Return to Changing Magnetic Fields with Time notes

Suppose you have an increasing current through a long wire, $I(t) = I_0 \frac{t}{t_0}$. Next to this wire, there is a rectangular loop of width $w$ and height $h$. The side of the rectangle is aligned parallel to the wire so that the rectangle is a distance $d$ from the wire, and they are both in the same plane. What is the induced voltage in the rectangle? In what direction is the induced current in the rectangle?


  • The current in the long wire increases with time and is $I(t) = I_0 \frac{t}{t_0}$.
  • The rectangle has dimensions $w$ by $h$, and a side with length $h$ is parallel to the wire.
  • The rectangle and the wire lie in the same plane, and are separated by a distance $d$.


  • $V_{ind}$.
  • Direction of $I_{ind}$.

Approximations & Assumptions

  • The long wire is infinitely long and thin and straight: With these assumptions the magnetic field produced by the wire only depends on the radial distance away from the wire and the current in it. This also allows us to use a simplified magnetic field equation from the notes.
  • There are no external contributions to the B-field: We are not told about any other external moving charges or currents that could also produce a magnetic field that would effect the flux through our loop, so we will assume the only contribution is from the long wire.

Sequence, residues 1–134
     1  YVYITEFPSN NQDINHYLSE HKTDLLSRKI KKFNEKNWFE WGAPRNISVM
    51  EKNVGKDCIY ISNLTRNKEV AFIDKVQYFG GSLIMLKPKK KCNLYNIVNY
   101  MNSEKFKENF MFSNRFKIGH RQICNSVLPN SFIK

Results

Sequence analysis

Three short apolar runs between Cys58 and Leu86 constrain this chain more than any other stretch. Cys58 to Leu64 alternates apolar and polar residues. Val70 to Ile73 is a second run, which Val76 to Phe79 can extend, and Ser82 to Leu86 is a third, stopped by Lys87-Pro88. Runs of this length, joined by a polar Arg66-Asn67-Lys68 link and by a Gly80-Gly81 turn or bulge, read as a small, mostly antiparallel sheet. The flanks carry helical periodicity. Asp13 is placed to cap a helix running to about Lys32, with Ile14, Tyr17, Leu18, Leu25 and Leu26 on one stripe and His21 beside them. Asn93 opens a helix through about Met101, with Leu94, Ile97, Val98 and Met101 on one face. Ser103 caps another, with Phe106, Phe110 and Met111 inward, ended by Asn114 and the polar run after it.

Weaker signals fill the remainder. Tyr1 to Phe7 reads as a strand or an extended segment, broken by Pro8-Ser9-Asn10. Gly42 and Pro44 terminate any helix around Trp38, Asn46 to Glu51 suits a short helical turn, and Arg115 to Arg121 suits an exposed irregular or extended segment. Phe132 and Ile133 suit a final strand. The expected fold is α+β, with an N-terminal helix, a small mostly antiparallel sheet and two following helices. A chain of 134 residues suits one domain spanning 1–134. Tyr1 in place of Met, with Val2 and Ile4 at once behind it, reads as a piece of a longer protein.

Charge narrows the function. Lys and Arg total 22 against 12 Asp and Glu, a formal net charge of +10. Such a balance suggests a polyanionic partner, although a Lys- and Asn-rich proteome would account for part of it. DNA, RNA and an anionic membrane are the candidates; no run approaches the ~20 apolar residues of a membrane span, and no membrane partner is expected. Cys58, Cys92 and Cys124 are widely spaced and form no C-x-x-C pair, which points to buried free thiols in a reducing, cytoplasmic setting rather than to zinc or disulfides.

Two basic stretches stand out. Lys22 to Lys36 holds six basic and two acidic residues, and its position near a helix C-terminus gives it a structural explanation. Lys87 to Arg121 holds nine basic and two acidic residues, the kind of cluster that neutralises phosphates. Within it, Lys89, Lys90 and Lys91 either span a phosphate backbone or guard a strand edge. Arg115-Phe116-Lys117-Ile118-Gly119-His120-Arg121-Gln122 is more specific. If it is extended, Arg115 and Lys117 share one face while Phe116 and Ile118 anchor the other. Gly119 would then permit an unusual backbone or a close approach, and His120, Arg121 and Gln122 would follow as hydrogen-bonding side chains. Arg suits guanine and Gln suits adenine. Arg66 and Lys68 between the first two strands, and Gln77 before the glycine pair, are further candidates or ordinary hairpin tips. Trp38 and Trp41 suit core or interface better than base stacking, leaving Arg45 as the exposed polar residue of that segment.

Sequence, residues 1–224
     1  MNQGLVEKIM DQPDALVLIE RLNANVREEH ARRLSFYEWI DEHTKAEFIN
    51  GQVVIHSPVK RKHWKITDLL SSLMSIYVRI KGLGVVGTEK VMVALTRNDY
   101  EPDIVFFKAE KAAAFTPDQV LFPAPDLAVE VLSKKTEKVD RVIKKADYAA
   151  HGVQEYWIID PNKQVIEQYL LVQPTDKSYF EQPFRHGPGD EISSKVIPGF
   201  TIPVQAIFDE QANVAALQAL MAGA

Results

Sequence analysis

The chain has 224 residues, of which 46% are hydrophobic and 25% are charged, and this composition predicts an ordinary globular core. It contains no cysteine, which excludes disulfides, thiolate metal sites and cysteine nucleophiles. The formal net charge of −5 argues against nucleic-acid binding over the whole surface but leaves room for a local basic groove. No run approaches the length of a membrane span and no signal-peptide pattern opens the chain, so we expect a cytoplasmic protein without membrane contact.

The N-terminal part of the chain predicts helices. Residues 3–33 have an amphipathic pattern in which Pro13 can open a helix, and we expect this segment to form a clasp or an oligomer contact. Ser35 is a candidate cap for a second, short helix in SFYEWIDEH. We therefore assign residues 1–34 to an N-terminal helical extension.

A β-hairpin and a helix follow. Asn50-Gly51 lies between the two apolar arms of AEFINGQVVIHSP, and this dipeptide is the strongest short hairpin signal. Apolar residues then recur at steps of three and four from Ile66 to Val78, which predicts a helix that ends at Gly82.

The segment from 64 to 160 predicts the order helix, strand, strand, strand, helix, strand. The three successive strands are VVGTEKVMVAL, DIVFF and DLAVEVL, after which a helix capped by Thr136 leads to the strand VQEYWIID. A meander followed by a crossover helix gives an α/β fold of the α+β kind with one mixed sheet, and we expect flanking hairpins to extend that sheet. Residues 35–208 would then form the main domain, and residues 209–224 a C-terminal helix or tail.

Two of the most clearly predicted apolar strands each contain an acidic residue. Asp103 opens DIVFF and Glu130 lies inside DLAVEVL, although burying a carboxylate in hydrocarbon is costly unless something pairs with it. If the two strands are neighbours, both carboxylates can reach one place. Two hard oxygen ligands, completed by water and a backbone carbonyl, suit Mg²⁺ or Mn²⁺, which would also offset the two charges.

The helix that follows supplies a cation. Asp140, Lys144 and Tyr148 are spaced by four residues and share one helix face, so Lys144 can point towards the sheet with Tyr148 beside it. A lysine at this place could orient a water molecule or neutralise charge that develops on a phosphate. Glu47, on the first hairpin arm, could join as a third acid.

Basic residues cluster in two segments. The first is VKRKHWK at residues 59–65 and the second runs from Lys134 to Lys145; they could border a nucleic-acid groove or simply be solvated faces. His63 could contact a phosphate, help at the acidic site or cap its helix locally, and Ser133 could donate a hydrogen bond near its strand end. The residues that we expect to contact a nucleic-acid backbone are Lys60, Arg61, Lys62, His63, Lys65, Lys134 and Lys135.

• We represent the magnetic field from a very long straight wire as $$B = \frac{\mu_0 I}{2 \pi r}$$ where direction is determined based on the right hand rule
  • We represent magnetic flux as $$\Phi_B = \int \vec{B} \bullet \text{d}\vec{A}$$
  • We can represent induced voltage as $$V_{ind} = -\frac{\text{d}\Phi}{\text{d}t}$$
  • We represent the situation with the following visual. We arbitrarily choose a direction for the current.
Wire and Rectangle

In order to find the induced voltage, we will need the magnetic flux. This requires defining an area-vector and determining the magnetic field. We can use the right hand rule to determine that the magnetic field from the wire is into the page ($-\hat{z}$) near the rectangle (point your fingers in the direction of the current and curl them toward the rectangle - your thumb should point into the page). For convenience, we will also define for the area vector to be into the page. Since they both point in the same direction, the dot product simplifies:

$$\Phi_B = \int \vec{B} \bullet \text{d}\vec{A} = \int B\text{d}A$$

Usually, we would pull the $B$ out of the integral, but we cannot do that in this case! That is because $B$ varies for different points in the rectangle's area - the magnetic field would be stronger close to the wire and get weaker as you move to the parts of the rectangle that are farther away. In order to see this a little more clearly, we will break the integral down a little and also insert the expression for the magnetic field from a long wire:

$$\int_{\text{rectangle}} B\text{d}A = \int_{\text{left to right}} \int_{\text{top to bottom}} B\text{d}x\text{d}y = \int_{x=d}^{x=d+w} \int_{y=0}^{y=h} \frac{\mu_0 I}{2 \pi x}\text{d}x\text{d}y$$